Mess

Mess
Mess Mess (m[e^]s), n. [OE. mes, OF. mets, LL. missum, p. p. of mittere to put, place (e. g., on the table), L. mittere to send. See {Mission}, and cf. {Mass} religious service.] 1. A quantity of food set on a table at one time; provision of food for a person or party for one meal; as, a mess of pottage; also, the food given to a beast at one time. [1913 Webster]

At their savory dinner set Of herbs and other country messes. --Milton. [1913 Webster]

2. A number of persons who eat together, and for whom food is prepared in common; especially, persons in the military or naval service who eat at the same table; as, the wardroom mess. --Shak. [1913 Webster]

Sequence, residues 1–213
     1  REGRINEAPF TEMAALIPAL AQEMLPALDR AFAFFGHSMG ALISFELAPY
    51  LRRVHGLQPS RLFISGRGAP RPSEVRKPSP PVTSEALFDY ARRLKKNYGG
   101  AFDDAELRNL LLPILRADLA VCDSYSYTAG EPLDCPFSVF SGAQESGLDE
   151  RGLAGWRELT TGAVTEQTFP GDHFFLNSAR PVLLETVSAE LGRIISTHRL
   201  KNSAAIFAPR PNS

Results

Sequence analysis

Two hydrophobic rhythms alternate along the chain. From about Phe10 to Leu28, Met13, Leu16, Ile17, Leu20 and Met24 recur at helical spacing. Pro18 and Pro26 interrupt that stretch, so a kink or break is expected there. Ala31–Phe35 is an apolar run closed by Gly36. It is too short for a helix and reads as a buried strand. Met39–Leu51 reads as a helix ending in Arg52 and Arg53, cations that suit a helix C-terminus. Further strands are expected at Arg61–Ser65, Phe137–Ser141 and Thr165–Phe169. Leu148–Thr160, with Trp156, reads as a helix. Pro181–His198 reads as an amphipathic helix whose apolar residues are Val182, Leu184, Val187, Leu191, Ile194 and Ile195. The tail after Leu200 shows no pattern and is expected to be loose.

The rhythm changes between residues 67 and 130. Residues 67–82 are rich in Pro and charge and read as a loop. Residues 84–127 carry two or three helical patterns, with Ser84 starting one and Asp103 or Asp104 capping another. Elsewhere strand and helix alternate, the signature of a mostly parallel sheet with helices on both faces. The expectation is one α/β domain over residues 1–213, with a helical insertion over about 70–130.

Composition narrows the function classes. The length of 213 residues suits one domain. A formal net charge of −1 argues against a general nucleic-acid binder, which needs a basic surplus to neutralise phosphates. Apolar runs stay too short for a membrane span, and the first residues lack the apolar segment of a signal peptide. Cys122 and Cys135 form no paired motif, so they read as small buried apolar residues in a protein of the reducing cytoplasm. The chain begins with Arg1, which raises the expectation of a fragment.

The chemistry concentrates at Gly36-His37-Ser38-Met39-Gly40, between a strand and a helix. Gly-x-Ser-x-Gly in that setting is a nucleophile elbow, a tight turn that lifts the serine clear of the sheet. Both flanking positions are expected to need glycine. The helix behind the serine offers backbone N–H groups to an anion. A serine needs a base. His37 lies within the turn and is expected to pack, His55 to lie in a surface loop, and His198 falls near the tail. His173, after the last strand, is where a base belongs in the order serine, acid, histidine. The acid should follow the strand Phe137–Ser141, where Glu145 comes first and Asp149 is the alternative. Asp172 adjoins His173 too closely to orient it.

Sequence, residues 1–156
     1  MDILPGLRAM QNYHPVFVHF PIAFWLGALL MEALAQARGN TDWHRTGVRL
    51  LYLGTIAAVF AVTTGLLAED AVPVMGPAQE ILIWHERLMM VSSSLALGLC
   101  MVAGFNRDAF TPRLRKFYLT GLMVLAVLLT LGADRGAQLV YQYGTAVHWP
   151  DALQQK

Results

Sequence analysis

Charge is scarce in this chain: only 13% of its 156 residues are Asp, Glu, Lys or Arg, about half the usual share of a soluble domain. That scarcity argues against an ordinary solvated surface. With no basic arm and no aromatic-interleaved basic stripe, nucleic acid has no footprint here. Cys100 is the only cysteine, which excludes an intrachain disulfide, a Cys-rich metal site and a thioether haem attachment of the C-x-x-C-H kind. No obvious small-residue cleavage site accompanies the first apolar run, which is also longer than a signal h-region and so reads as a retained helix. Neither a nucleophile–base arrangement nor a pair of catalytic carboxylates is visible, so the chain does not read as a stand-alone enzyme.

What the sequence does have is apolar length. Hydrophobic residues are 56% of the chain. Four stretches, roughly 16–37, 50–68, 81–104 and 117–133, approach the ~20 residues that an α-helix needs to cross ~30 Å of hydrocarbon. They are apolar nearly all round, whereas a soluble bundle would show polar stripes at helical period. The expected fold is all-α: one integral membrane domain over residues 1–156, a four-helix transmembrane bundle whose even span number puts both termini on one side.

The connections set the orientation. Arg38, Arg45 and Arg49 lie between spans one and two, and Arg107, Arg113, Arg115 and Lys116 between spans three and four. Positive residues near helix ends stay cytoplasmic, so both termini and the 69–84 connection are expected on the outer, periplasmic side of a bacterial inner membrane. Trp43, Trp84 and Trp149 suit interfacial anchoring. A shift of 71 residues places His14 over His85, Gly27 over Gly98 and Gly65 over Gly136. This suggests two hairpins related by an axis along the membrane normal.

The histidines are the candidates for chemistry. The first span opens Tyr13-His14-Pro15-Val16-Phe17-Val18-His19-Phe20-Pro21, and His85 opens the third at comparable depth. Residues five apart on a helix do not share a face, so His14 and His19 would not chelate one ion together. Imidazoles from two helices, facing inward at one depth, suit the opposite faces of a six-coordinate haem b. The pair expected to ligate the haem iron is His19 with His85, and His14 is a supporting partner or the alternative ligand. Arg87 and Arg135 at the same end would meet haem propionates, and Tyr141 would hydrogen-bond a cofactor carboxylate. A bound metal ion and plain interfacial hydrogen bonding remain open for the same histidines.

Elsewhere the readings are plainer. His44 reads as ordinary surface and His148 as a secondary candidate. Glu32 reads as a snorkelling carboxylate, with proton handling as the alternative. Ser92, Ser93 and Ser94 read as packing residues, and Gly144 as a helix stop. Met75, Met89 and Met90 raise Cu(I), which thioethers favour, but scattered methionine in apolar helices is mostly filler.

3. A set of four; -- from the old practice of dividing companies into sets of four at dinner. [Obs.] --Latimer. [1913 Webster]

4. The milk given by a cow at one milking. [U.S.] [1913 Webster]

5. [Perh. corrupt. fr. OE. mesh for mash: cf. muss.] A disagreeable mixture or confusion of things; hence, a situation resulting from blundering or from misunderstanding; as, he made a mess of it. [Colloq.] [1913 Webster]


The Collaborative International Dictionary of English. 2000.

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